2007 Hurricane Season Ending Raises Forecast Concerns
for National Geographic News
|November 30, 2007|
The 2007 Atlantic hurricane season, which officially ends today, has—like last year—failed to live up to the predictions of forecasters.
Now some experts fear the second year of inaccurate preseason predictions will shake the public's faith in all hurricane forecasts—even when a storm is bearing down upon them.
"I'm concerned that the public could lose confidence in the forecasting of individual storms because of the inaccuracies of long-range forecasts," said Max Mayfield, a hurricane specialist at WPLG-TV in Miami and former director of the National Hurricane Center in Miami, Florida.
Meteorologists at Colorado State University and the National Oceanic and Atmospheric Administration predicted as many as 17 named storms in the Atlantic Basin this summer.
But only 14 storms formed between June 1—the official start of the season—and today. The total does not include Tropical Storm Andrea, which formed off the coast of Georgia three weeks before the season's start.
The problem, he said, is that there is widespread public interest in the preseason hurricane forecasts.
"The most regularly asked question I had—even before, How are the wife and kids?—was, What kind of hurricane season are we going to have?" Mayfield said.
But after so many wrong calls, the public may no longer differentiate between tenuous preseason predictions and the Hurricane Center's forecasts for individual storms, he said.
The summer did produce two extremely intense hurricanes—Dean in August and Felix in September—that caused catastrophic damage in Mexico, Mayfield notes. (Read more about Hurricane Dean and Hurricane Felix.)
And conditions were ripe this year for a very active hurricane season, so it's puzzling why it fizzled out, he said.
It was especially surprising that three storms that formed at the season's peak in September—Ingrid, Jerry, and Karen—didn't develop into powerful hurricanes, he added.
Meteorologist Phil Klotzbach, who issues the Colorado State forecasts with mentor William Gray, said the lower-than-forecast storm total was caused by several factors.
These included cooler sea-surface temperatures than anticipated and upper-level winds over the Atlantic Ocean that prevented storms from intensifying.
Windblown dust from Africa may have blocked sunlight, causing the cooler ocean temperatures, he said. Tropical storms draw their strength from warm ocean waters.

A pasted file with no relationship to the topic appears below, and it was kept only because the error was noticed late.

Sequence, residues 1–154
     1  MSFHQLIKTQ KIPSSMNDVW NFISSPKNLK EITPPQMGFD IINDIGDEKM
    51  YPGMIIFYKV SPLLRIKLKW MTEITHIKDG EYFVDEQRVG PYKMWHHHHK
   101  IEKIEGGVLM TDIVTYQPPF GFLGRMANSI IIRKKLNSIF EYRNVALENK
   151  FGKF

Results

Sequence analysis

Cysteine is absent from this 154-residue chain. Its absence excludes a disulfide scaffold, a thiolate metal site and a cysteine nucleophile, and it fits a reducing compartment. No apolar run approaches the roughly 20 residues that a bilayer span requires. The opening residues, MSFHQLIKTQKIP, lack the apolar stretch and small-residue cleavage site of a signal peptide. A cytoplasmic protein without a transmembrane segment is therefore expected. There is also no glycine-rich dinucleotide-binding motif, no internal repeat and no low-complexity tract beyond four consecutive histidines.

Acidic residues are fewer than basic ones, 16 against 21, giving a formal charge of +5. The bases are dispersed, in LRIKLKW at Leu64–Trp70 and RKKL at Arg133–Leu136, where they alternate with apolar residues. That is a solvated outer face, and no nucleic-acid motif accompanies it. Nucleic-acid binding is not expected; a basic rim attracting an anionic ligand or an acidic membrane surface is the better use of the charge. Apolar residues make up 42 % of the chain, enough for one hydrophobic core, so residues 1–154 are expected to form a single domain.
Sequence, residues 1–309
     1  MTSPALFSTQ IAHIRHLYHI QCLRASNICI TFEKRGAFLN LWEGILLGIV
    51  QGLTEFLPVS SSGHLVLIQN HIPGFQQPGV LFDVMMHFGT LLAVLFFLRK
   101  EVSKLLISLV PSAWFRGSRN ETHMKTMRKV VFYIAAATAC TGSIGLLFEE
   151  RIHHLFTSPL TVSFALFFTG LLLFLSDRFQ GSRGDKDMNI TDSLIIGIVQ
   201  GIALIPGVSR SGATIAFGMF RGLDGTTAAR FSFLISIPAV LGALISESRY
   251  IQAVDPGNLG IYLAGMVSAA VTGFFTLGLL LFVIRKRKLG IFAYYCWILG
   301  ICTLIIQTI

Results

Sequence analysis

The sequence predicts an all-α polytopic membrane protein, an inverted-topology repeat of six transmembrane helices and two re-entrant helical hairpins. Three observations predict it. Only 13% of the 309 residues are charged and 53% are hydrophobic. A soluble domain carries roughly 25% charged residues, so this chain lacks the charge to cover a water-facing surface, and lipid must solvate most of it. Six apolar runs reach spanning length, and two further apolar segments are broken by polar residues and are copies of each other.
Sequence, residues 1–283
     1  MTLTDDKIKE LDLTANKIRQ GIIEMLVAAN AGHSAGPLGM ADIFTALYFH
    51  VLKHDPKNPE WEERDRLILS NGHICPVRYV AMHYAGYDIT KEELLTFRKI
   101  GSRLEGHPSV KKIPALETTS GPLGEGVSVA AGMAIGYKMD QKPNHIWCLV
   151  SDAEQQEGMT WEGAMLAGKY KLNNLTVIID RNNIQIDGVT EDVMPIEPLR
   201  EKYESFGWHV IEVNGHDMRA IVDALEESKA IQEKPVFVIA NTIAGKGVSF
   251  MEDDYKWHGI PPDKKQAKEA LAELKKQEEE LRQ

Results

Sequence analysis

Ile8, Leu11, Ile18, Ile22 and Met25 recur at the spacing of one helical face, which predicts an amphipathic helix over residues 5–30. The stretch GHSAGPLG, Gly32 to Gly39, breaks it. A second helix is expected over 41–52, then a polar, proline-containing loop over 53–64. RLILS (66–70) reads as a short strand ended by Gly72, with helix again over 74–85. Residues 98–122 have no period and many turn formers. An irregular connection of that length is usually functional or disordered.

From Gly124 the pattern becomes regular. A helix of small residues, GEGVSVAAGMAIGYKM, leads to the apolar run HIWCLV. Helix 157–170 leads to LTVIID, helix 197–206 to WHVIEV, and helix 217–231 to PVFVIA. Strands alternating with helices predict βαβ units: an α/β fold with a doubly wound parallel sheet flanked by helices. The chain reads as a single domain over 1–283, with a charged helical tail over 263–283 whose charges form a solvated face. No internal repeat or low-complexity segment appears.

Klotzbach said he and Gray will try to factor in the presence or absence of dust in their future seasonal hurricane forecasts, noting that seasonal forecasts are still an evolving science.
Reason for Thanks
Despite the inaccuracies in recent seasonal forecasts, emergency management consultants still think they are useful.
"Some people don't like them because they say it creates unnecessary hysteria," said Hans Wagner, vice president of Early Alert in Tampa, Florida. The company provides disaster management information and assistance to government agencies and private industries.
"We look at [the forecasts] as a planning tool," he said.
While the company is always on high alert during hurricane season, "when they predict an above-normal season, that always stimulates our clients to take necessary precautions and take the threat more seriously, and that helps us if they are actually threatened by a hurricane," he added.
Joe Bastardi, a meteorologist with the private weather forecasting service AccuWeather, said too much emphasis is being placed on the accuracy of preseason forecasts.
"It's almost like it's turned into theologians arguing about how many angels can fit on the head of a pin," Bastardi said.
"Overall, the nation got off very easy this year and last year.
"We are in a time until about 2020 that hurricane threats will be more frequent and more intense on our coastlines. So instead of saying, Ha, ha, ha, there's nothing going on, people should be thankful that there's not as much going on."
Willie Drye is the author of Storm of the Century: The Labor Day Hurricane of 1935, published by National Geographic.
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